The Sunderland plant is a massive cumulative investment of £3.6 Billion by Nissan since 1985. Companies clearly do not want to walk away from such sunk costs and need to make the best of a bad situation. With all the Brexit uncertainty, at a minimum Ghosn had to maintain morale of employees and suppliers for the duration of Brexit negotiations and until the new terms are clear. For now, all the old trade agreements still rule and the company needs to maximize profits.
      Actually, Nissan UK produced 7% or 34,000 fewer cars in 2015 than it did in 2012. At 477,000 cars made in 2015, that is almost four weeks of production. Clearly, there is a capacity-usage and fixed cost coverage requirement to build more cars. That has to be a new model as the old models are obviously declining in sales.
      Ghosn is only ‘securing’ jobs because with old models tailing off, the new models simply refill available capacity. No new jobs are created. Similarly, ‘increase investment’ can mean a lot of things. New models need re-tooling. That is an ‘investment’, but in the scheme of things minimal and can be done very quickly. Definitely, it will not mean the building of a new production line.
      Nissan did not give a time-line for production start- up, although the press speculates on 2018. That leaves a lot of time for Ghosn to change his mind. If the actual terms of Brexit turn out to be bad for Nissan, the threat of reducing commitment to Sunderland is still there. Let’s not forget that in January 2009, Nissan UK made 24% or 1,200 employees redundant. It is painfully obvious that if there was ‘no cheque-book’ now, adverse tariffs will require a ‘cheque-book in the future’.
      Ghosn was called “the hardest-working man in the brutally competitive global car business”. He is also ruthlessly competitive. We should be clear: with one simple press release he has made Theresa feel a bit better, made his employees and supplier feel a bit better, but has given up none, zero, of his flexibility to change his mind and still reduce commitment to the UK if it were necessary for his business!
      Arend Dikkers

      • No surprise there really.
        Nissan has another R&D site in Spain, but manufaturing is the issue.
        Nissan’s European production could be moved to Spain or alternatively to France quite easilly. The Renault Nissan Alliance means that the Spare capacity in Renault could be used to manufacure Nissan product. In France this would be viewed as foreign investment, which is tax deductable, as Nissan in not majority owned by Renault.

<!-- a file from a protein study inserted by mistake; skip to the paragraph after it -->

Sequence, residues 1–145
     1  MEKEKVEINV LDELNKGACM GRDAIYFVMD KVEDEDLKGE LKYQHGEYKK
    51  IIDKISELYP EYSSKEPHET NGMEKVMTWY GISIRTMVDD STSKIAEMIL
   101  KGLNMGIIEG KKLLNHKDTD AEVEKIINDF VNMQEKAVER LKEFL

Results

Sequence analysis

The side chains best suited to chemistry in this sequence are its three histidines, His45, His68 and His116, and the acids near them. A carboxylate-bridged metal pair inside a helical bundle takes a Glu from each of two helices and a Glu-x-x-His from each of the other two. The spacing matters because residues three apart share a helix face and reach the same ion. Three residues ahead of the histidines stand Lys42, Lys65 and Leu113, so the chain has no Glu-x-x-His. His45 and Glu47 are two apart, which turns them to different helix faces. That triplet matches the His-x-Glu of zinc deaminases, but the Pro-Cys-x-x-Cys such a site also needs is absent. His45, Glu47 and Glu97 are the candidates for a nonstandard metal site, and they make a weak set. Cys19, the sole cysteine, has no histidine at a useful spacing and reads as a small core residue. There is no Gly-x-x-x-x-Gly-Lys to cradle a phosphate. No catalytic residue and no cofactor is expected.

I could see a reciprocal CKD agreement being organised by Nissan, BMW,GM and Toyota quite easily if the tariff wall goes up, Honda don’t have the luxury. Ford’s UK presence is minimal, but I could see a CKD pop up for them too, with the other manufacturing being relocated. MG, for what it’s worth is really a CKD operation anyway.

    • If Nissan doesnt support Brexit we should all boycott them -no room for people who aren’t with us after we take back control.

      • Alfie Jones – OK that is a plan of sorts. Are you going to give up driving cars or will you be buying from a different manufacture?

        If the latter, which one? The choices are either made abroad or made in the UK but suffering the same or similar challenges to their business as Nissan.

        May be you could buy a Jaguar or Land Rover?

        I waiting with bated breath for your helpful advice.

    • No serious new investment has been committed at Sunderland since the Referendum. Some “add ons” with existing suppliers and the same drive trains were committed.
      But huge changes are afoot in auto technologies. The Renault/Nissan/ Mitsubishi (where Carlos Ghosn is now CEO) Group is competing worldwide : does anyone seriously believe the Sunderland plant can compete outside the Customs Union for a new generation of vehicles when half the parts and most of the production (roughly) come from/go to the Single Market ?
      By the way, the largest shareholder in Nissan is the French taxpayer. Will that help Sunderland ?